All great points. And pretty much spot on. I'm just building my equipment and shoot some indoor action as well as wildlife. What concerns me is the secondary lens mfg's noticeably leaving out the Pentax mount and discontinuing the lenses available with it. Like the Tamron 150-600 missing pentax, now the best in class Sigma 70-200 being dropped. This doesn't look good for the future of Pentax. In regards to the OP why invest in a body that is being more and more limited by glass availability everyday? The camera body can be great but it's versatility is controlled by lenses available. Even Sony is blowing Pentax out of the water in this aspect.
08-10-2014, 11:13 AM   #18
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QuoteOriginally posted by Heelers Quote
Even Sony is blowing Pentax out of the water in this aspect.
Let's not go overboard now . Their lineup, especially in E/FE mount, is not great. And Sony also has some of the same issues atracting 3rd party lens support as Pentax.

But Sigma and Tamrom will come to the Pentax party if there is money for them in it. They have done so for 40 years.
08-10-2014, 11:44 AM   #19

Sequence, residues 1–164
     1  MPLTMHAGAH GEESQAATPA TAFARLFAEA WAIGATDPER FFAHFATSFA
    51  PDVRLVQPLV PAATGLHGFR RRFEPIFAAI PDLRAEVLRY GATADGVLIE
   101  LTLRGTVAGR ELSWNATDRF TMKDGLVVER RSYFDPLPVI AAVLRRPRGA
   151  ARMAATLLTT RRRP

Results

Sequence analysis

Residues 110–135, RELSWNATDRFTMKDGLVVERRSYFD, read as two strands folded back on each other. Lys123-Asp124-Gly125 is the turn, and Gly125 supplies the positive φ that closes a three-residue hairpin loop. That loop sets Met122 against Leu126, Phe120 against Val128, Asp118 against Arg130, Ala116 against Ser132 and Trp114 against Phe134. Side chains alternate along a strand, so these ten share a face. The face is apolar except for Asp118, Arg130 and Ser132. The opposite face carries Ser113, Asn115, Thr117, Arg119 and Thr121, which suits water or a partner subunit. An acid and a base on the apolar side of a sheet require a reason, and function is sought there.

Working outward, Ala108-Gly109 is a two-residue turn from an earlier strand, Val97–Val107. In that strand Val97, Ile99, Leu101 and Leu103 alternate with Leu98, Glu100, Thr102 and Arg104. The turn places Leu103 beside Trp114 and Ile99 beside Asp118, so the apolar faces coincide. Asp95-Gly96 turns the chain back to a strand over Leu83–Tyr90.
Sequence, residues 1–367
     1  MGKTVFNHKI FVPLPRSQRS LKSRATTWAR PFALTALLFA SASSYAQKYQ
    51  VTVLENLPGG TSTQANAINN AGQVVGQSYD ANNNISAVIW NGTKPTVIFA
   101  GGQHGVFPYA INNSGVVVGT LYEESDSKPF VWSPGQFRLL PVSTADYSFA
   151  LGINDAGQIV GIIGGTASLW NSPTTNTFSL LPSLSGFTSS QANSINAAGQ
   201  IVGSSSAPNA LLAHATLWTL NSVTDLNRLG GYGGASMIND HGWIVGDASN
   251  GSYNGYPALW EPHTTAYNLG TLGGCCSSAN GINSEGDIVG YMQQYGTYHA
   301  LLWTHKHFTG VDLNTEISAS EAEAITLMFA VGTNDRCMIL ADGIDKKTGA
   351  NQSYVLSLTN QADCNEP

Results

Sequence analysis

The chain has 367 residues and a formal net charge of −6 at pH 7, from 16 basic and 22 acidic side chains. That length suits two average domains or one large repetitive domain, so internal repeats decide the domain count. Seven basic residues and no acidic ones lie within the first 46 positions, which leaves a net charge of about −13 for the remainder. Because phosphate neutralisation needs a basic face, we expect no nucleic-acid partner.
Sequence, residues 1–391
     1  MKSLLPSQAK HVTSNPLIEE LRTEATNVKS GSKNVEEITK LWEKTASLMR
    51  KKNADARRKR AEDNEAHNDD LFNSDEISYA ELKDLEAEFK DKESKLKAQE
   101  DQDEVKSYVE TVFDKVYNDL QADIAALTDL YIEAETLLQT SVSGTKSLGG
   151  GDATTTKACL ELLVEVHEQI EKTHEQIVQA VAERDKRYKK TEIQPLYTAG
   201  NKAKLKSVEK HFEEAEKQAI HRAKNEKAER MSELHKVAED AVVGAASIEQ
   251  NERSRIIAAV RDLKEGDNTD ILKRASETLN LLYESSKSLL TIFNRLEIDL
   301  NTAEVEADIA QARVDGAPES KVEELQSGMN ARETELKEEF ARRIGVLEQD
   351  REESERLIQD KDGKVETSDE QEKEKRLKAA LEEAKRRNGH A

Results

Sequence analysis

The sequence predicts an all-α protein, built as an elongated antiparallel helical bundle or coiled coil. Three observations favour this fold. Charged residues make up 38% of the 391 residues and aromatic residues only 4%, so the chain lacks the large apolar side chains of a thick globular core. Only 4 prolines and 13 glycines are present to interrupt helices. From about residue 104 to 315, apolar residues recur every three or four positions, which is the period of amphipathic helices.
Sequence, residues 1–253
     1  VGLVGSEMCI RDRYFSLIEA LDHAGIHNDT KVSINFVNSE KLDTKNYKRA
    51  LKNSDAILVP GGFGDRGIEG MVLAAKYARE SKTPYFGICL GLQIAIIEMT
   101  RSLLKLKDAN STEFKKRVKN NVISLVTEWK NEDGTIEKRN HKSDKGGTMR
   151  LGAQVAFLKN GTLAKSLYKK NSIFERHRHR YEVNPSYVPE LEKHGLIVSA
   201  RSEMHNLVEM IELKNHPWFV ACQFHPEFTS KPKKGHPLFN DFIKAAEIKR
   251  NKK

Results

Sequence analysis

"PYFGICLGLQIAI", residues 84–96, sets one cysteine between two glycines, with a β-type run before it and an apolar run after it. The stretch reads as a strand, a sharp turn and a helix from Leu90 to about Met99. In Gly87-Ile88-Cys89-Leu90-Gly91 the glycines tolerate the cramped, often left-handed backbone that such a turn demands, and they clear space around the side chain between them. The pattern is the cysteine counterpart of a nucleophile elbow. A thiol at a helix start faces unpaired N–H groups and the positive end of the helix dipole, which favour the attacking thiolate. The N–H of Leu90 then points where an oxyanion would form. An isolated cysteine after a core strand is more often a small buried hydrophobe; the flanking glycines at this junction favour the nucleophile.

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QuoteOriginally posted by rawr Quote
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But Sigma and Tamrom will come to the Pentax party if there is money for them in it. They have done so for 40 years.
That is not saying much. The question for a Pentax shooter is whether those two companies are ever going to offer many lenses in K mount above consumer-level quality, especially in telephoto focal lengths. It seems like Sigma & Tamron have $1000 as the loose price point above which they diss K mount. A quick Amazon search showed me only one current lens-- the Bigma 50-500mm-- exceeding that dollar amount. I guess they believe too few Pentax shooters cross that threshold.

A fascinating nugget in the DPR thread about the departure of the Sigma 70-200mm lens was an email quote from the Sigma sales manager saying they were only selling one or two of these lenses per month.

M

08-10-2014, 12:23 PM   #20
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QuoteOriginally posted by Miguel Quote
A quick Amazon search showed me only one current lens-- the Bigma 50-500mm-- exceeding that dollar amount. I
I guess you missed the Sigma 500 f4.5 and Sigma 300 f2.8 for Pentax that can still be found for sale new, even in Australia.
08-10-2014, 12:25 PM   #21
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My Tamron 70-200 f/2.8 has no problems, looks nice even wide open, but stopped down a little is even better, and that is with a K5. The K3 should be better in sharpness and resolution.